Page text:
Monday, October 6, 2008
Help Me Howard: Collection Calls
They rank right up there with telemarketers as calls you'd least like to receive. Do collection agencies ring a bell? For one woman, they wouldn't stop ringing, trying to collect a debt even after she told them, "You've got the wrong woman," so she dialed Help Me Howard with Patrick Fraser.
WSVN -- Rosalina Alvarez: "I do have over 200 Beanie Babies that I collect."
The Beanie Baby craze in the 1990s has ended, but Rosalina Alvarez still can't get enough.
Rosalina Alvarez: "Beanie Babies help me sort of stay in check. They give me peace, tranquility."
Rosalina loved collecting her plush friends. What she doesn't enjoy is something else she's been collecting.
Rosalina Alvarez: "I've been collecting a lot of annoying phone calls at that."
The calls are from a collection agency, bugging her two to three times a day.
Rosalina Alvarez: "It started the end of May. I got a call from a collection agency looking for another person, and they refused to believe that that person is not me."
They told Rosalina they were looking for Rosa M. Alvarez. She explained, "That's not me."
Rosalina Alvarez: "I am not Rosa M. Alvarez; I'm Rosalina Alvarez. I don't even have a middle name."
They told Rosalina the Social Security number of that Rosa. It was not Rosalina's number. They said, OK, prove it.
Rosalina Alvarez: "What they are seeking is my Social Security number, and I refuse to give them the social security number over the telephone."
And the calls keep pouring in, leading Rosalina to conclude convincing a collection agency to quit calling is like trying to convince a right wing Republican to become a left wing Democrat.
Rosalina Alvarez: "It frustrates me because my mom also lives here, and they will argue with her as well, and they just keep calling. They refuse to believe it is not me, even though I have verified and re-verified their information."
Further frustrating Rosalina, the collection agency refused to send her any paperwork explaining how much the debt was.
Rosalina Alvarez: "The resolution for me would be for someone to help me with these people to get them to stop calling."
So, Howard, how do you stop a collection agency from calling if they are after the wrong person?
Howard Finkelstein, Seven News legal expert: "Federal law protects Rosalina. What she should do is send a letter to the collection agency telling them, you want no further contact with them, that they must stop calling and writing. By the way, under the law, they have to give you their address."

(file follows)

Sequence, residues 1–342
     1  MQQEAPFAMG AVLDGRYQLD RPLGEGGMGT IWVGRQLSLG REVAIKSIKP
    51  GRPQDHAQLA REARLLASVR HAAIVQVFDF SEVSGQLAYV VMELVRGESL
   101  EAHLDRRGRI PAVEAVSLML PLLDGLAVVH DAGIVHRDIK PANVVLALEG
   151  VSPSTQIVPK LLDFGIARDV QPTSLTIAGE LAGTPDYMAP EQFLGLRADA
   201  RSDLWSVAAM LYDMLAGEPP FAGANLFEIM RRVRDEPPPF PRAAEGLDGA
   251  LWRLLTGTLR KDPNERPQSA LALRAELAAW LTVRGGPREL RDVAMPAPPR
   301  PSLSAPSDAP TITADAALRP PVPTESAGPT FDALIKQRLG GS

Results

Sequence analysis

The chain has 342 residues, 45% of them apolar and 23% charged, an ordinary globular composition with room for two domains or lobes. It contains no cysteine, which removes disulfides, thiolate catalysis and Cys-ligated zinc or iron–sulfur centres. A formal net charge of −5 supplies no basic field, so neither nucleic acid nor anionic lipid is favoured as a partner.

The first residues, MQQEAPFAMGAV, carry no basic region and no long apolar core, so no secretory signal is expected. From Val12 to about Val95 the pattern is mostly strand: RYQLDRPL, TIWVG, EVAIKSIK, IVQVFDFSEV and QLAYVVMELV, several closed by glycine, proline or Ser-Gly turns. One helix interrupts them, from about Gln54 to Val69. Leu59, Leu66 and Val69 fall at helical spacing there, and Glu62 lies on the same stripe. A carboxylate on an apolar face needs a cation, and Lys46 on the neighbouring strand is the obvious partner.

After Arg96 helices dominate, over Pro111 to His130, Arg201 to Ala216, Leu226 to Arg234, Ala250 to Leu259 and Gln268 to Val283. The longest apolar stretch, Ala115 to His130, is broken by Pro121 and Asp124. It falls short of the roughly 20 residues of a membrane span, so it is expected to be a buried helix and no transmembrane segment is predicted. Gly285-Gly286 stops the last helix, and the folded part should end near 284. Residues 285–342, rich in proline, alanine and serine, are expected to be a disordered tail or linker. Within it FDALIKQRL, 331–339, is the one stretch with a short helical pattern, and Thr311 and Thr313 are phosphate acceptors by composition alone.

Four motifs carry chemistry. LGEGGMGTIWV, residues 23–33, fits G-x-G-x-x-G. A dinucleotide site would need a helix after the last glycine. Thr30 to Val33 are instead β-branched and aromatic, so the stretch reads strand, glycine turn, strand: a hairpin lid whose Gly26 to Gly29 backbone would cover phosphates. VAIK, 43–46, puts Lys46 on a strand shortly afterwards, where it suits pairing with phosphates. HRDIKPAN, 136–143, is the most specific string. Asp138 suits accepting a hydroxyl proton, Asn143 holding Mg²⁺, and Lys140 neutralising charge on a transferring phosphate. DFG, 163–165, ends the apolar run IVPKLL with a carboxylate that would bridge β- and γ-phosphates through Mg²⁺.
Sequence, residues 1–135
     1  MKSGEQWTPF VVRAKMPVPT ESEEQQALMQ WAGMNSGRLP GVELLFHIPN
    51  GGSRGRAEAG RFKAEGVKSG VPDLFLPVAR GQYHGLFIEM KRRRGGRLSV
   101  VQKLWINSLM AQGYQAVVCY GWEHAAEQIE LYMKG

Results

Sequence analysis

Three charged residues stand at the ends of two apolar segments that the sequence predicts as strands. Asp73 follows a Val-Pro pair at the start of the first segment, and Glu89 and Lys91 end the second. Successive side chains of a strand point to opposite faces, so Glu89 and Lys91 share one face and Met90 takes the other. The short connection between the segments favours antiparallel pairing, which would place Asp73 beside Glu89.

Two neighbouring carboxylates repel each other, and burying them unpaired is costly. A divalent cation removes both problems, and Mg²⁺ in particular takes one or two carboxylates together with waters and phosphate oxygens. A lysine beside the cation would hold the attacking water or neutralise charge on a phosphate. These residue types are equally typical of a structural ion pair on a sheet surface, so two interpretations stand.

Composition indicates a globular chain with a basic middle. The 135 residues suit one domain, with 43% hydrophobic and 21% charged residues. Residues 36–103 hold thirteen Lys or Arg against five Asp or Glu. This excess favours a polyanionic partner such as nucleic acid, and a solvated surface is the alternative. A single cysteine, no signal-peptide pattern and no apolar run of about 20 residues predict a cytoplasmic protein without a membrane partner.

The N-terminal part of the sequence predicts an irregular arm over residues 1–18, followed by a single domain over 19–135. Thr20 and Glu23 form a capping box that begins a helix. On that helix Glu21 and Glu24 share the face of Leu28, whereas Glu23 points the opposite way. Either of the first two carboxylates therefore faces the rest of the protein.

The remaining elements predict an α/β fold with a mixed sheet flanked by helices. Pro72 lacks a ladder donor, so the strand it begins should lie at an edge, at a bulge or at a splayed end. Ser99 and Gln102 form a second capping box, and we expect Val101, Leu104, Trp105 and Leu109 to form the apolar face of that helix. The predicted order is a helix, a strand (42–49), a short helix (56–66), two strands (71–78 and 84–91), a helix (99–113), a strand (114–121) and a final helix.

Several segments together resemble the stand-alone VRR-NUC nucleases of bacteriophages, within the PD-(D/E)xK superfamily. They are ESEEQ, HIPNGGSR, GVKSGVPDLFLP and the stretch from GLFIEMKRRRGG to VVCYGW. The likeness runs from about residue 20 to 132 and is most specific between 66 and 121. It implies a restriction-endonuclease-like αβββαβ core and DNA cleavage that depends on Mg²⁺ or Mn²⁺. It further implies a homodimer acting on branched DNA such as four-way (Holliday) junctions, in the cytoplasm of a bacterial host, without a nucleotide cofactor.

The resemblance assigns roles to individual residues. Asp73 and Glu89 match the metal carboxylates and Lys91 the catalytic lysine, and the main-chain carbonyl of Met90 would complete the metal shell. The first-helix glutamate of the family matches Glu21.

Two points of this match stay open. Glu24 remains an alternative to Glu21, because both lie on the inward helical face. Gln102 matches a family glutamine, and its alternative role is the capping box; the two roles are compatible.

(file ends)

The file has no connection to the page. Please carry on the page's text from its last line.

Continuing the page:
We then contacted the collection agency in Houston, Texas. A spokesman with GC Services told us, "Officially we can't make any comment," but after that Rosalina told us the calls stopped.
And if you are having problems with a collection agency, file a complaint with the Federal Trade Commission. If they get enough reports about a collection agency, they have the power to take action.
And even if you do owe a collection agency money, you still have rights.
Howard Finkelstein: "If you are the person that owes the money, you can still stop them from calling and writing by sending that letter. But that does not make the debt go away. They can take you to court and sue you. If you owe the money, the best thing to do: negotiate the debt down and set up a repayment schedule."
Rosalina's relieved the calls have stopped. She can even laugh about them and compare the collectors to one of her beanie babies.
Rosalina Alvarez: "The beanie that would describe them, I guess, would be a shark, because they are relentless in their chase."
Sharks, hey that Beanie Baby reminds me of a lot of people we run across.
By the way, we asked the collection agency how they would stop a collector from calling if you are not the person they are looking for. Their suggestion, contact the agency's corporate headquarters just like we did. In other words, go over the collectors' heads.
Paid your debt but still collecting trouble? Give us a call. Our payment plan is very affordable because there is no payments.
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